2018 – Erik Jones (1st career win)
2017 – Ricky Stenhouse Jr. (2nd career win)
2014 – Aric Almirola (1st career win)
2011 – David Ragan (1st career win)
For the Daytona 500, Denny Hamlin has won three of the last six years but the other three winners were Austin Dillon (2nd career win), Kurt Busch (1st career restrictor plate win) and Michael McDowell (1st career Cup win).
Of the 63 Daytona 500 races, only eight times has a driver posted his career-first NASCAR Cup Series victory with a win in the event; the most recent to accomplish the feat was Michael McDowell last season.
|First-Time Winners in Daytona 500||Seasons|
Three other drivers posted their career-first victory in (points-paying) qualifying races at Daytona: Johnny Rutherford (1963), Bobby Isaac (1964) and Earl Balmer (1966).
For 7 of the last 11 points paying races at Daytona, we saw drivers win their first or second superspeedway race on them.
Who’s the next? If it’s not Hamlin, then it’s usually a new one.
Can Elliott, Larson, Keselowski, Kyle Busch or Truex Jr. Get His 1st Daytona 500 Crown or will Hamlin nab his 4th?
This is Chase Elliott’s NASCAR now. He won the last four Most Popular Driver awards to go along with a 2020 championship and second straight Championship 4 appearance last November in Phoenix. Now, can Elliott keep this all up with a Daytona 500 win on Sunday?
Elliott, has made six starts in this race including a runner-up last year. Prior to 2021, he had finishes of 37th, 14th, 33rd, 17th and 17th respectively. He was also runner-up in the 2020 Coke Zero Sugar 400 too, so there’s reason for hope.
But, the Daytona 500 isn’t an easy race to win though either. Even the greats take years to accomplish a win in the Great American Race while some never do it. Terry Labonte was 0-for-32. Mark Martin and Ricky Rudd each 0-for-29. Bobby Labonte was 0-for-24. Rusty Wallace was 0-for-23. Tony Stewart (0-for-17), Carl Edwards (0-for-12) and Ned Jarrett (0-for-7) never won either.
Among the drivers in this year’s field, only seven drivers now have actually won this race. One of them is Denny Hamlin. If he can win Sunday’s Daytona 500, it would be his fourth time doing so, all coming in the last seven years. In fact, if he could win, it would be his third in the last four years with the only non win in that span being last year to when he led a race-high 98 laps.
A win would tie him with Cale Yarborough for second most ever for the Great American Race. Richard Petty’s seven are tops. Can he reach that mark?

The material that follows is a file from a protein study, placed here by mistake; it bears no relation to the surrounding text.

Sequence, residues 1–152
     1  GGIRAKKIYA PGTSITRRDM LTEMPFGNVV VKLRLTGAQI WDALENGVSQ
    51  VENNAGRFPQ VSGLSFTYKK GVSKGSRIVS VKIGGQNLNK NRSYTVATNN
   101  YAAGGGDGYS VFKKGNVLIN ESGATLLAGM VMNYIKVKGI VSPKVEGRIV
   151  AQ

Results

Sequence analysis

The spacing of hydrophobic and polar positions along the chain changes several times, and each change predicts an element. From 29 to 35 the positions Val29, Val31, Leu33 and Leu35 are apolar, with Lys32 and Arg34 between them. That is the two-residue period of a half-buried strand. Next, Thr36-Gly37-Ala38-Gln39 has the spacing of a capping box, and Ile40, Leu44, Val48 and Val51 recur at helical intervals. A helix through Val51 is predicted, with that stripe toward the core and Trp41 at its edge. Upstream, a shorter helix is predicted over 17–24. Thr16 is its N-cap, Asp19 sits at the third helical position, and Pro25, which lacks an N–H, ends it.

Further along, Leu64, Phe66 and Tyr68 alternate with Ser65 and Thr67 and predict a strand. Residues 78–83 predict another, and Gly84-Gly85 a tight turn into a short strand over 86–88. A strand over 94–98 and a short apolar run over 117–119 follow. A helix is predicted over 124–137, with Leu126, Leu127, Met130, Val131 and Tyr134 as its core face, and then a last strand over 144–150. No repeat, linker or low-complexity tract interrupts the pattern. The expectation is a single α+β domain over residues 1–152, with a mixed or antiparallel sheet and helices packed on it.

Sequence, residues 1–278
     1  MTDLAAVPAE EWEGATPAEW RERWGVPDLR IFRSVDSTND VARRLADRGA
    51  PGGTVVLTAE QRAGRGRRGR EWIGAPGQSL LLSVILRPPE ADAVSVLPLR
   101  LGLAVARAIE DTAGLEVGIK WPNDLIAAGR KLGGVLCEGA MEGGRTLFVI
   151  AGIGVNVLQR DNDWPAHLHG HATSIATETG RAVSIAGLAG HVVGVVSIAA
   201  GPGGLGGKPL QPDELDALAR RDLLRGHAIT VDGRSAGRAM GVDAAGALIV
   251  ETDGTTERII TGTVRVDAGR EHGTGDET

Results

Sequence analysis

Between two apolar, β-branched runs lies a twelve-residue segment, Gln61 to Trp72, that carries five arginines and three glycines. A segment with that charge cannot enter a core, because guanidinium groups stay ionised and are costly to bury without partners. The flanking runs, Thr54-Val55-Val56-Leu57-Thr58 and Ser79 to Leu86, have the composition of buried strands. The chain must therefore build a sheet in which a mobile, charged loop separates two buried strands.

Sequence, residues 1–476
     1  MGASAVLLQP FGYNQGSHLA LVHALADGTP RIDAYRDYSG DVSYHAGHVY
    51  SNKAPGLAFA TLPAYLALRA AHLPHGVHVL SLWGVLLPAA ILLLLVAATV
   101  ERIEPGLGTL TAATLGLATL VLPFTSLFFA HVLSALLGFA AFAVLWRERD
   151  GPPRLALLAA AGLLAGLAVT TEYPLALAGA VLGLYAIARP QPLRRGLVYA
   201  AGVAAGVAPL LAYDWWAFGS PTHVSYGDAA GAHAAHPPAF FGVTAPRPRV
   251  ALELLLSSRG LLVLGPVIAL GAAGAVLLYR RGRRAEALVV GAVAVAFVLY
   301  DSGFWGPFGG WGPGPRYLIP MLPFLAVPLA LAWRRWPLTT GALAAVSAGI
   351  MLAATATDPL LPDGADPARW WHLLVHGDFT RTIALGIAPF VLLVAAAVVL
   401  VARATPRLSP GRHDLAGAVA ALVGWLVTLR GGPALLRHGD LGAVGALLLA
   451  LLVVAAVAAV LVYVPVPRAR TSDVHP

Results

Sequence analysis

On the flipside however, four others outside of Elliott stand out among the winless – Kyle Busch, Kyle Larson, Brad Keselowski and Martin Truex Jr.
All four are champions of the sport, including taking three straight series championships, 4 of the last 5 and 6 of the last 10. But, all have also been shutout of Rouff Home Mortgage Victory Lane in Daytona during February’s Speedweeks’ biggest race too.
Truex, is 0-for-17. He’s not much of a superspeedway racer anyways but he’d love to get a win here more than ever. He only has five career top five finishes in 67 points paying superspeedway starts. 5 of his last 6 Daytona finishes have been 22nd or worse.
Busch, is 0-for-16. He’s finished 33rd or worse in three of his last four Daytona points paying starts. He’s also only had one top five there since 2017 too and only three of his 16 starts in the Great American Race being in the top five.
While leading on Lap 180 in 2020’s edition, his car started having problems. A lap later, Busch said his engine blew and would slowly ride around the track. That was partially a blessing in disguise as he avoided the Lap 183 “Big One” two laps later.
“We’ll just keep going down in history of figuring out new ways to lose it,” Busch said that year.
12 of his 16 Daytona 500 starts have seen him finish 14th or worse.
For Keselowski, he’s 0-for-12. What’s strange about that is, Keselowski is known as one of the better superspeedway racers in the series. His seven wins on them rank him first among all active drivers right now. If things go his way and he avoids the “big ones” and can be there in the end, he most certainly would be pushing double digits in the win column.